One thing is that the majority of M1's have no idea what they want to go into, and most of the ones that say they DO will probably change their minds by the time 4th year rolls around. Given that, most people study with these things in mind: just enough to pass (or high pass, or honor, depending on their standards) their classes and, most importantly, to understand the material well enough for boards...rather than "I'm going to study hardcore because I want such-and-such residency" right off the bat. My feeling is that you'll find the latter mentality in the students while they're studying for Step 1 since much more emphasis is placed on your board scores than your pre-clinical grades when you apply for residency. In fact, this is a more sensible approach for most people, in my opinion. You don't want to burn out before it really starts to matter. Don't get me wrong though, I don't think it's any smarter to just coast through and "barely pass" either. You never know what you might want to end up doing, so don't develop any study habits that will make you look back and go, "Hmm I wish I tried a little harder, I really really like [insert competitive specialty here]" in your 3rd or 4th year. Do your best. (I know, boring and cliche, but ehh, it's all I got :laugh: )

I say, let the gunners gun. Their dedication will make them brilliant doctors one day. I respect that they have such lofty ambitions and I'm impressed by their sheer willpower. I have nothing against them, unless they're competitive dinguses who are just out to get me. But if you know you can't make yourself study THAT HARD ALL THE TIME (it's really difficult to do that, believe me), then why not give yourself a break every now and then (or more often than that, again depending on the standards you set for yourself)? Just make sure you step it up when you study for Step 1, when you really do have to study that hard. The whole time.

Good luck with the application process! It's a real bitch, I know. Have you gotten in anywhere yet? If so, congrats on making it through! If not, keep your head up, and soon you'll be exactly where you need to be. :luck:

nice explanation, that was very helpful :thumbup:
 
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Others have told me that they find med school very challenging and time consuming, that it is actually heavier than undergrad and that they find themselves having to study everyday.

Anyone who says it isn't more work than undergrad either is one of the rare individuals with a one pass memory, or had the worst undergrad experience I've ever heard of. The vast majority of med students would agree that there is more work in med school than undergrad, I think. Not substantively harder, but you cover a whole lot more material. I can also tell you it is a whole lot more work than law school, albeit quite different.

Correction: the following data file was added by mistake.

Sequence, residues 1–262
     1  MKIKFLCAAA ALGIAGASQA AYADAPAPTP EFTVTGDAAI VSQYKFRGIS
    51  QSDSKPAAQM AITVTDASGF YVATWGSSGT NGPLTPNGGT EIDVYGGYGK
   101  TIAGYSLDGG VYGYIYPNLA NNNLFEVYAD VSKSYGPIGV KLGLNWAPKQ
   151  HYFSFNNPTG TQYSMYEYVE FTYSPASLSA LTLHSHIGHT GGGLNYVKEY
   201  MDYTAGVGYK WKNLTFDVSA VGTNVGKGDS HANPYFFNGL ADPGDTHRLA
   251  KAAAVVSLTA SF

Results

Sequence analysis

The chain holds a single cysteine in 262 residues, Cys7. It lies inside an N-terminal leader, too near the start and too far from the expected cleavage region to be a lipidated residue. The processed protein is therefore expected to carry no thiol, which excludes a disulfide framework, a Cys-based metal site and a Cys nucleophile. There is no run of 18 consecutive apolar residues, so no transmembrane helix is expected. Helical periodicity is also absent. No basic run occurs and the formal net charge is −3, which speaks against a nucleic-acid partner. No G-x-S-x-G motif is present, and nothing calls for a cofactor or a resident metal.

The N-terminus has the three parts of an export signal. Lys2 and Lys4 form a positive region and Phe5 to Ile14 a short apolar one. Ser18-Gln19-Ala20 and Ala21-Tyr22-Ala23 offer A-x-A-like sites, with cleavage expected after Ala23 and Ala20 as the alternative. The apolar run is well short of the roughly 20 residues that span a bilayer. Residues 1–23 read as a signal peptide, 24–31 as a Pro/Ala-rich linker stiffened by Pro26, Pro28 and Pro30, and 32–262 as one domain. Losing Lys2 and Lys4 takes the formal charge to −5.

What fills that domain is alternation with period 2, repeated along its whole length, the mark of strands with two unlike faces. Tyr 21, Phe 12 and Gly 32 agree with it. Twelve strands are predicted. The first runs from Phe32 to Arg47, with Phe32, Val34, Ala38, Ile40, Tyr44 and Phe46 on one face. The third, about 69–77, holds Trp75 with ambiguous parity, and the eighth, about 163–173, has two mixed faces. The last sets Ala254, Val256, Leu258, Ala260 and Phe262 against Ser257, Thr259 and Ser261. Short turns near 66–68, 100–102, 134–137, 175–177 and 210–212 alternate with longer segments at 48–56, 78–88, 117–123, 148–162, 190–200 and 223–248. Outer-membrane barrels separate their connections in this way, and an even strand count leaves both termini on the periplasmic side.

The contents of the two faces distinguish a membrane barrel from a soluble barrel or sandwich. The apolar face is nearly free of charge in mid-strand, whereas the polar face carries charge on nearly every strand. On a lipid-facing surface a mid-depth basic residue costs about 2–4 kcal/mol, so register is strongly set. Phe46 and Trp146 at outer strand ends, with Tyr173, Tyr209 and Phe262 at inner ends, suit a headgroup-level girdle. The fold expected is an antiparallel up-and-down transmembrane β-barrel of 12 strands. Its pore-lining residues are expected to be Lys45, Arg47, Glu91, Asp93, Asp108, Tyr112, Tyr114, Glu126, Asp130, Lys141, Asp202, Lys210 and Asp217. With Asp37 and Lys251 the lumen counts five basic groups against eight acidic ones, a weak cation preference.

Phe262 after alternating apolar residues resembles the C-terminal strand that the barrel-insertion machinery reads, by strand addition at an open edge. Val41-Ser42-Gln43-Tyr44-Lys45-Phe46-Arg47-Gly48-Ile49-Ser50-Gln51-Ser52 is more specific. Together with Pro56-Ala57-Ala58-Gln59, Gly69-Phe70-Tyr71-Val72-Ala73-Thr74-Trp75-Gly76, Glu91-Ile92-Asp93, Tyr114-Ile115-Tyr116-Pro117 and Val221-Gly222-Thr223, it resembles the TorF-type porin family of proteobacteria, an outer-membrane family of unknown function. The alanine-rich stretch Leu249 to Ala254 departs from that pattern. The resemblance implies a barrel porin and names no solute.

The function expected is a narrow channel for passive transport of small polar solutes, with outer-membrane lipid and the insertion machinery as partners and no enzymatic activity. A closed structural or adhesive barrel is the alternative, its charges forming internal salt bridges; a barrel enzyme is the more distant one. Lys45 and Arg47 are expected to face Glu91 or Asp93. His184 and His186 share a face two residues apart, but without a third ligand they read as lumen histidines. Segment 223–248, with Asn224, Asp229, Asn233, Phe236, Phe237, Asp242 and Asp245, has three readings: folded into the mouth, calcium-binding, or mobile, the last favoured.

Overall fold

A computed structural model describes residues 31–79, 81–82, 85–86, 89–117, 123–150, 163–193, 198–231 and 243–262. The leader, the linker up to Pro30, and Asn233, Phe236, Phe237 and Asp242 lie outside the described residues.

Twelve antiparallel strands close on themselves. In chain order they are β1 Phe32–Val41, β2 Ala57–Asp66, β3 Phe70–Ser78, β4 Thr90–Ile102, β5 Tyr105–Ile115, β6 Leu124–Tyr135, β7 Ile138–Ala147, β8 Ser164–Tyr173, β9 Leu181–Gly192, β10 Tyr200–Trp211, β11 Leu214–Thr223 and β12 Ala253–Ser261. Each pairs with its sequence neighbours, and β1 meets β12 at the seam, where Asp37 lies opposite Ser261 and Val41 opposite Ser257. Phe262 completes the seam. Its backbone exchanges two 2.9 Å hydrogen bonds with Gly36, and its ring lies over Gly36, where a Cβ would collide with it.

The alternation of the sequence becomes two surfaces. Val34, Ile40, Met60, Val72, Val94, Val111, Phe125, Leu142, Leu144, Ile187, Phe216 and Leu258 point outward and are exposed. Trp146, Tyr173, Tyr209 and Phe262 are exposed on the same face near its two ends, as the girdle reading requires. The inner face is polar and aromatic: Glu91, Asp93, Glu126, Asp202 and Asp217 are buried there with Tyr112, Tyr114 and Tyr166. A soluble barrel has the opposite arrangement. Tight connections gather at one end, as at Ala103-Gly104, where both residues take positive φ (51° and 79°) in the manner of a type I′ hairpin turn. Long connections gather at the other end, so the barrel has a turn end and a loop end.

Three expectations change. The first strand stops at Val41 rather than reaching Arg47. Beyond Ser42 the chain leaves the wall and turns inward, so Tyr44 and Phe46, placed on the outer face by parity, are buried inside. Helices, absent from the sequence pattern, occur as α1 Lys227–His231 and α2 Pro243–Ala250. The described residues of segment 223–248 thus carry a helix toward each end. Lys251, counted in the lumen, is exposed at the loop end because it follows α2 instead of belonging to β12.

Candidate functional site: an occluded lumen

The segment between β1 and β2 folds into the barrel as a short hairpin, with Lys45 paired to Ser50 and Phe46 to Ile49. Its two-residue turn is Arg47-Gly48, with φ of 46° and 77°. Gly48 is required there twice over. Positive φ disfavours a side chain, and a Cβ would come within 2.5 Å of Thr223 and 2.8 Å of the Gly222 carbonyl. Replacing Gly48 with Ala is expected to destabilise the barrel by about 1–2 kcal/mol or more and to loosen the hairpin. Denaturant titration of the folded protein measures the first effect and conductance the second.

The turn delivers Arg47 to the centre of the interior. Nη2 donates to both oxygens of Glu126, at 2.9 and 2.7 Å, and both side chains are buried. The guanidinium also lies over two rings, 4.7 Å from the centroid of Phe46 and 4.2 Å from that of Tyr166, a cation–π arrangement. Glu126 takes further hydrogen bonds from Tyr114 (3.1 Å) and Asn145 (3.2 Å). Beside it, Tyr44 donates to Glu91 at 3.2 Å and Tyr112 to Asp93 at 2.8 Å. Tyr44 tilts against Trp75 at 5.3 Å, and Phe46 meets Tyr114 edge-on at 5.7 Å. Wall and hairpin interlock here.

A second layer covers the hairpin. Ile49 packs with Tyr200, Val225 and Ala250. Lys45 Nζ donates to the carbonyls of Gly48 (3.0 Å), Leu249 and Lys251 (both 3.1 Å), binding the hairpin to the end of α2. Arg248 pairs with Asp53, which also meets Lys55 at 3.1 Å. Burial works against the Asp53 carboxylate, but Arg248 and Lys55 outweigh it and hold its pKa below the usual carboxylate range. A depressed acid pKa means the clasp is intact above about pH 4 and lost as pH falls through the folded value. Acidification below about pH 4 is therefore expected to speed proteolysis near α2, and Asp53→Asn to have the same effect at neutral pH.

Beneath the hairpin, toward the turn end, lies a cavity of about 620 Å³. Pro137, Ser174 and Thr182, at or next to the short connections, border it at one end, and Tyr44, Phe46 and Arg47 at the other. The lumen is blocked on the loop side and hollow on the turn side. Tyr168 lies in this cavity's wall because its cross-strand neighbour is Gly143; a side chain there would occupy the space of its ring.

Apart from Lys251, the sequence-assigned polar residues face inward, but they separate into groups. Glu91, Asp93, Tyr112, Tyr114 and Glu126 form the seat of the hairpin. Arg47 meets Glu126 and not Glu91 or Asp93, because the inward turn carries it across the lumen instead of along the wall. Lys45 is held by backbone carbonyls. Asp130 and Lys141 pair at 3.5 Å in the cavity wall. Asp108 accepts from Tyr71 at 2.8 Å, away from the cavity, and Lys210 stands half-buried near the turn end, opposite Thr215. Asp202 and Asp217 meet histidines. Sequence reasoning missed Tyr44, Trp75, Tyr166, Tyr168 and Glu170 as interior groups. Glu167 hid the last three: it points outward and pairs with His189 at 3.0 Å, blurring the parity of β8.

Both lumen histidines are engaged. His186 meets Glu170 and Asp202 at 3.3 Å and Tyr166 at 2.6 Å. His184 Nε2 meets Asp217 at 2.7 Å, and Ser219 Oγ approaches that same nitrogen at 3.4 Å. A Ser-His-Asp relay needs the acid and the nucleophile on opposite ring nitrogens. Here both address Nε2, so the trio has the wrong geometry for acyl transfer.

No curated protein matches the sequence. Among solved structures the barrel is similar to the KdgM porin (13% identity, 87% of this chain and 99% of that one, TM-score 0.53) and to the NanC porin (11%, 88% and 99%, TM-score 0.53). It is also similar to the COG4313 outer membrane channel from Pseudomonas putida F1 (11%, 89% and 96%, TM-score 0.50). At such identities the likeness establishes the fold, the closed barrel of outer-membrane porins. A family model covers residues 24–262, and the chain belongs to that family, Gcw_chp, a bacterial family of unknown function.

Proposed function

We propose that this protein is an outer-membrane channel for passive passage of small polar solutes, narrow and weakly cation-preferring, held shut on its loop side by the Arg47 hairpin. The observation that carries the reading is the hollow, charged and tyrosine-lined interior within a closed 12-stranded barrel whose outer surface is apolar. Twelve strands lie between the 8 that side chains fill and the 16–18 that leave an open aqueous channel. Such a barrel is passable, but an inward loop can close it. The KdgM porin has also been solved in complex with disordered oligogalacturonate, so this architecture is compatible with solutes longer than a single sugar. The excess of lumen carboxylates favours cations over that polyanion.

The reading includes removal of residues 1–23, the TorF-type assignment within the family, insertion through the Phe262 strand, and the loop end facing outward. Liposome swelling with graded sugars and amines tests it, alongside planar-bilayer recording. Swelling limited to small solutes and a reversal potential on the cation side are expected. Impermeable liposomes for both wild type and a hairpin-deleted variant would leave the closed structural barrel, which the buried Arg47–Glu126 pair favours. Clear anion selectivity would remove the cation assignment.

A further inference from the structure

You need to focus in on the "once in a while" portion of your quote -- that is key. In college you go out a whole lot more than "once and a while". Also watch out -- some people will tell you they hardly do any work, but they are often closet gunners who study 12 hours a day yet tell people they did nothing just to sound "cool".
 
Hey xylem,

To answer your main question, different med students study they way they study for both reasons. There's not an importance placed on one factor (i.e. that's how their study habits are) over the other (i.e. they are or aren't aiming for a top residency/specialty). Well, not in general anyway. Most certainly, you will find individual differences, because as with any group of people, it's difficult to generalize.

One thing is that the majority of M1's have no idea what they want to go into, and most of the ones that say they DO will probably change their minds by the time 4th year rolls around. Given that, most people study with these things in mind: just enough to pass (or high pass, or honor, depending on their standards) their classes and, most importantly, to understand the material well enough for boards...rather than "I'm going to study hardcore because I want such-and-such residency" right off the bat. My feeling is that you'll find the latter mentality in the students while they're studying for Step 1 since much more emphasis is placed on your board scores than your pre-clinical grades when you apply for residency. In fact, this is a more sensible approach for most people, in my opinion. You don't want to burn out before it really starts to matter. Don't get me wrong though, I don't think it's any smarter to just coast through and "barely pass" either. You never know what you might want to end up doing, so don't develop any study habits that will make you look back and go, "Hmm I wish I tried a little harder, I really really like [insert competitive specialty here]" in your 3rd or 4th year. Do your best. (I know, boring and cliche, but ehh, it's all I got :laugh: )